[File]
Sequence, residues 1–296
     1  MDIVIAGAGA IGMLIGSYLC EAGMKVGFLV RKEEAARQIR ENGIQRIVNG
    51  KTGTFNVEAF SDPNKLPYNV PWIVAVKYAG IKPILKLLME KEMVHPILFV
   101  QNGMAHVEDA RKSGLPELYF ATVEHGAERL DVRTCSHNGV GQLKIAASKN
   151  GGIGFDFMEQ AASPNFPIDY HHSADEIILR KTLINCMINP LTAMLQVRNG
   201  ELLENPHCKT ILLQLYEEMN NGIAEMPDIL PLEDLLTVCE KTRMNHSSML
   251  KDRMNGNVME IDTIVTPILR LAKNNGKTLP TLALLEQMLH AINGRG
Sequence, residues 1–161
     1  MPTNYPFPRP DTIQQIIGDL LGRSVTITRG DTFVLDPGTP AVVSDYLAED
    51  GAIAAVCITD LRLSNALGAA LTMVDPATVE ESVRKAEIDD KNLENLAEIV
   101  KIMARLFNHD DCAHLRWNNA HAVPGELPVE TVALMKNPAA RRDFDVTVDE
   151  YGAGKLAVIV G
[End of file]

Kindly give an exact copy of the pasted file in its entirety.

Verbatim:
Sequence, residues 1–296
     1  MDIVIAGAGA IGMLIGSYLC EAGMKVGFLV RKEEAARQIR ENGIQRIVNG
    51  KTGTFNVEAF SDPNKLPYNV PWIVAVKYAG IKPILKLLME KEMVHPILFV
   101  QNGMAHVEDA RKSGLPELYF ATVEHGAERL DVRTCSHNGV GQLKIAASKN
   151  GGIGFDFMEQ AASPNFPIDY HHSADEIILR KTLINCMINP LTAMLQVRNG
   201  ELLENPHCKT ILLQLYEEMN NGIAEMPDIL PLEDLLTVCE KTRMNHSSML
   251  KDRMNGNVME IDTIVTPILR LAKNNGKTLP TLALLEQMLH AINGRG
Sequence, residues 1–161
     1  MPTNYPFPRP DTIQQIIGDL LGRSVTITRG DTFVLDPGTP AVVSDYLAED
    51  GAIAAVCITD LRLSNALGAA LTMVDPATVE ESVRKAEIDD KNLENLAEIV
   101  KIMARLFNHD DCAHLRWNNA HAVPGELPVE TVALMKNPAA RRDFDVTVDE
   151  YGAGKLAVIV G